Robusta coffee is a type of coffee made from the beans of the Coffea canephora plant. Robusta originated in Central and Western sub-Saharan Africa. It is the second most popular coffee in the world, making up 40% of the worlds coffee production. It comes second only to Arabica which makes up the remaining 60% of coffee production worldwide.

Robusta can grow in low altitudes, as well as diverse climatic conditions. Farmers love to grow it because it grows faster, and is more disease and pest-resistant than Arabica coffee. The robusta beans are associated with producing coffee that is very bitter and has a low acidic rate. As a result of their high bitterness level the coffee beans cannot be used in every brew. The robusta beans are primarily used for espresso or as a filler for lower-grade ground coffee blends as they produce a strong flavour of coffee.

A study in 2018 found that Coffea arabica is a more effective cognition enhancer, having intact polysaccharides, sugars (glucose), amino acids and chlorogenic acids, while it burns in robusta due to excessive roasting.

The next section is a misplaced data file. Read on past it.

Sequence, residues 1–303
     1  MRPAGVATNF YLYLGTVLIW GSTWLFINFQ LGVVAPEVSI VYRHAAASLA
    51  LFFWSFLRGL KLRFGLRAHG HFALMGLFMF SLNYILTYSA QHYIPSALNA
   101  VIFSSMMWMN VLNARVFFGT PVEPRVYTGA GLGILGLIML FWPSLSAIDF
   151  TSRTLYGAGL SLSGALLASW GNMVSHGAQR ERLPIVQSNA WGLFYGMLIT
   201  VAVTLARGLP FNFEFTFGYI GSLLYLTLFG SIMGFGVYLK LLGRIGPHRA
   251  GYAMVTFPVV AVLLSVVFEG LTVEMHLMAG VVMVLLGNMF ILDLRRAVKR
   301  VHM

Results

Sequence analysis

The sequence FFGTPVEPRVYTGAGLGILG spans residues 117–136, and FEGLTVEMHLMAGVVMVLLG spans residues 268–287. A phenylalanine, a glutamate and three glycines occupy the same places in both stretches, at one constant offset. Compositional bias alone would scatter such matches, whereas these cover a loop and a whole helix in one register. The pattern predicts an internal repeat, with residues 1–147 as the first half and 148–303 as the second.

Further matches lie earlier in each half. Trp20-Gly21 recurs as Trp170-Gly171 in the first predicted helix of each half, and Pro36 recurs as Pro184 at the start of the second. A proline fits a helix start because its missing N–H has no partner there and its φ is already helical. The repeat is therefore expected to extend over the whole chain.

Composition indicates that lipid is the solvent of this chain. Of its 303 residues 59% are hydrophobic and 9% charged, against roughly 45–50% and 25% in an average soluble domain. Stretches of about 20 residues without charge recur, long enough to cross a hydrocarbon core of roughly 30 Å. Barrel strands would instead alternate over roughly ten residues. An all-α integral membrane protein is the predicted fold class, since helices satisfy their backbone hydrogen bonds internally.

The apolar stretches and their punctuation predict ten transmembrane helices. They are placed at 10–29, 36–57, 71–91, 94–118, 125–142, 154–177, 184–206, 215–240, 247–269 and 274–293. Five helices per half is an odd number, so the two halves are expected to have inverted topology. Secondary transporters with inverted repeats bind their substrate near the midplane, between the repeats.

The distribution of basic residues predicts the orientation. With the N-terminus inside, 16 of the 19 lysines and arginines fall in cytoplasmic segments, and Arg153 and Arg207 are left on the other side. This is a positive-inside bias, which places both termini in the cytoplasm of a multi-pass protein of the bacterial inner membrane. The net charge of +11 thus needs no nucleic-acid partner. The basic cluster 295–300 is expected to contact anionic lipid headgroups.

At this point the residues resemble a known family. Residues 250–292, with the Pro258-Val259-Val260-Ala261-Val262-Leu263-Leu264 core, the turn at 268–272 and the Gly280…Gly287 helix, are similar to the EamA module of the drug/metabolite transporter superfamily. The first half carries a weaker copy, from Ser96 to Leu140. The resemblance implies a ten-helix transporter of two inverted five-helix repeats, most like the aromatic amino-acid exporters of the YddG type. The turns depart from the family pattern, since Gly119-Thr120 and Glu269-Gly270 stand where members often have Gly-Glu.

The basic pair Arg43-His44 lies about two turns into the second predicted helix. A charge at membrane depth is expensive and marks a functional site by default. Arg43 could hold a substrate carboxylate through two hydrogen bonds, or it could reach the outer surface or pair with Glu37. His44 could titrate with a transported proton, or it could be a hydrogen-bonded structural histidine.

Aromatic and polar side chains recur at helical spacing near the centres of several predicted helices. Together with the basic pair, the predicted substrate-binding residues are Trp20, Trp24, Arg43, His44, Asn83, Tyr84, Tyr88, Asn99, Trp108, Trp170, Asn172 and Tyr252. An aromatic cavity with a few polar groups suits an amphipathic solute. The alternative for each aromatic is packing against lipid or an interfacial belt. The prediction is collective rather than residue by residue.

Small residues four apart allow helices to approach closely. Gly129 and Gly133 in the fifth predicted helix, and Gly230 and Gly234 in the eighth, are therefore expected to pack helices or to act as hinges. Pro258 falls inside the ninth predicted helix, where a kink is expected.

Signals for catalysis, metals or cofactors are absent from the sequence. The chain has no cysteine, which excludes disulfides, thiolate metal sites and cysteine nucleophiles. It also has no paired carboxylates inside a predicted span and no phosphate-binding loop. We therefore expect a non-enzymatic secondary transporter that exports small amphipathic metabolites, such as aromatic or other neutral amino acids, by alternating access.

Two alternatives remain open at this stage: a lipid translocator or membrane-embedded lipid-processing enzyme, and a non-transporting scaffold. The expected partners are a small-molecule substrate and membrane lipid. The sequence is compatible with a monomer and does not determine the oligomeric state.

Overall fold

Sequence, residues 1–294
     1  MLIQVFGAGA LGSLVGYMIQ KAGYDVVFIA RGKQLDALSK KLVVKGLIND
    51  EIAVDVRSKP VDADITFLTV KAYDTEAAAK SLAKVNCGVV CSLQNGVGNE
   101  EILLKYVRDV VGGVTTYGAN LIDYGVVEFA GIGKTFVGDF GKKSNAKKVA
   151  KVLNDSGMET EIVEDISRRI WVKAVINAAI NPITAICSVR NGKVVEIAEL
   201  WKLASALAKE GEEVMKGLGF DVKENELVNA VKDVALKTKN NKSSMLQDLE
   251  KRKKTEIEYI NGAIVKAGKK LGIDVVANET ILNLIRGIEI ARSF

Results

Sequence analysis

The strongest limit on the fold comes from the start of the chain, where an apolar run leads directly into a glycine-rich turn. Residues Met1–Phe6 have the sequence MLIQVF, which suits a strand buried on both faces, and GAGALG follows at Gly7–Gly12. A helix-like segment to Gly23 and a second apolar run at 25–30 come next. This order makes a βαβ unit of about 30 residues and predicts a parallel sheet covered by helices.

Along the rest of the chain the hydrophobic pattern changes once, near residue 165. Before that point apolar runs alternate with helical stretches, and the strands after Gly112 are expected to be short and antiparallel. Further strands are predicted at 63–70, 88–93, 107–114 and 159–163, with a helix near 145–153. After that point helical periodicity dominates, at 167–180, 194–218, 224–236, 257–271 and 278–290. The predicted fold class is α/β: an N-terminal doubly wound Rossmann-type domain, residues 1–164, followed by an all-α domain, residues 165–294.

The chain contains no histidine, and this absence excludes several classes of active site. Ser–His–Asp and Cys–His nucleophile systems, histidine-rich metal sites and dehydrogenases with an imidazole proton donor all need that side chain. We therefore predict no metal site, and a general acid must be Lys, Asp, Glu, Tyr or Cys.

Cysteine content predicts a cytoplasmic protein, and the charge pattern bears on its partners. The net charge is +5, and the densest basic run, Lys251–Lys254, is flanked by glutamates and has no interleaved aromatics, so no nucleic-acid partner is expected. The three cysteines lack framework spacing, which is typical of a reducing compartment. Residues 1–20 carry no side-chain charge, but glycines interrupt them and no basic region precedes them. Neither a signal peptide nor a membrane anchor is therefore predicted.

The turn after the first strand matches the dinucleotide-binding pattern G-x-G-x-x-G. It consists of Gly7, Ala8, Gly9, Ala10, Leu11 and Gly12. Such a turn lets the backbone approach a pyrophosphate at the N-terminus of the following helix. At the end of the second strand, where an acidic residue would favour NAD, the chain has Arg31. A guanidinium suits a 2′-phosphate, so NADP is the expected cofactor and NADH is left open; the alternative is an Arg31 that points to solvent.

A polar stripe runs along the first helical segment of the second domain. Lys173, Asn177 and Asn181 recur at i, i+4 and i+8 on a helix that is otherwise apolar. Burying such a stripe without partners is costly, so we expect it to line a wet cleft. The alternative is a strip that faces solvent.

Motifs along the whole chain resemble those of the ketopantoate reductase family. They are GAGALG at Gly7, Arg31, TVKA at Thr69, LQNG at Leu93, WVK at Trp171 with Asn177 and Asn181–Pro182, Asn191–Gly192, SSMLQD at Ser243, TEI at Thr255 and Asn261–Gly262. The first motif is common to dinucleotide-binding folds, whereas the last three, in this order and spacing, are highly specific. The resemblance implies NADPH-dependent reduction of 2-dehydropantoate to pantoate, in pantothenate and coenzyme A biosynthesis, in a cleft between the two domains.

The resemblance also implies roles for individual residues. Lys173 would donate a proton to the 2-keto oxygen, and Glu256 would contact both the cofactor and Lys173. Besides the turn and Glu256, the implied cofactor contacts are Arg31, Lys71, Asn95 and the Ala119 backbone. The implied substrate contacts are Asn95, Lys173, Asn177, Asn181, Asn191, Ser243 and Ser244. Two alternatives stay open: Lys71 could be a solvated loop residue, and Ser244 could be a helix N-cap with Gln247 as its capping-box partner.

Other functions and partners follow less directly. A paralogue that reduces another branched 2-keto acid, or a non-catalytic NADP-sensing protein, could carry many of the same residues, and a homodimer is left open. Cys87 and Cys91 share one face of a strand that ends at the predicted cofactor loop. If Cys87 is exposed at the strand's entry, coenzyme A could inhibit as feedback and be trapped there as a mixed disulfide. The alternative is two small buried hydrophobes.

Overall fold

In a ‘closed’ environment such as a rainforest, nutrients are recycled on their own and plants are more or less self-sufficient. However, where plants are grown in a commercial environment like coffee growing, it is necessary to replenish the nutrients that are removed from the system through the harvested crop. Without additional nutrients in some form of fertilizer, coffee yields will continue to decline as nutrients are removed through the harvested coffee beans. For sustained productivity, coffee requires a high level of fertility and an intensive fertilizer program is therefore essential.

The coffee tree requires certain elements in large quantities such as nitrogen, phosphorus and potassium and these occur in many chemical forms. These elements are referred to as macronutrients.

Nitrogen is necessary for vegetative growth. It increases tree-bearing capacity and enhances coffee bean size.

Phosphorus is necessary for root development, promotion of early berry maturity and increases bean density.

Potassium is necessary for berry development and ripening, enhanced mucilage formation, promotion of healing injured tissue especially after picking, pruning and hailstorm damage and regulation of water uptake from the soil.

Some micronutrients that coffee plant needs are: Zinc, Copper, Magnesium, Calcium, Boron, Iron, Manganese, Molybdenum, Sulphur and Chlorine.

Continuous soil management for high levels of fertility is key to grow even bigger quantities of coffee beans.

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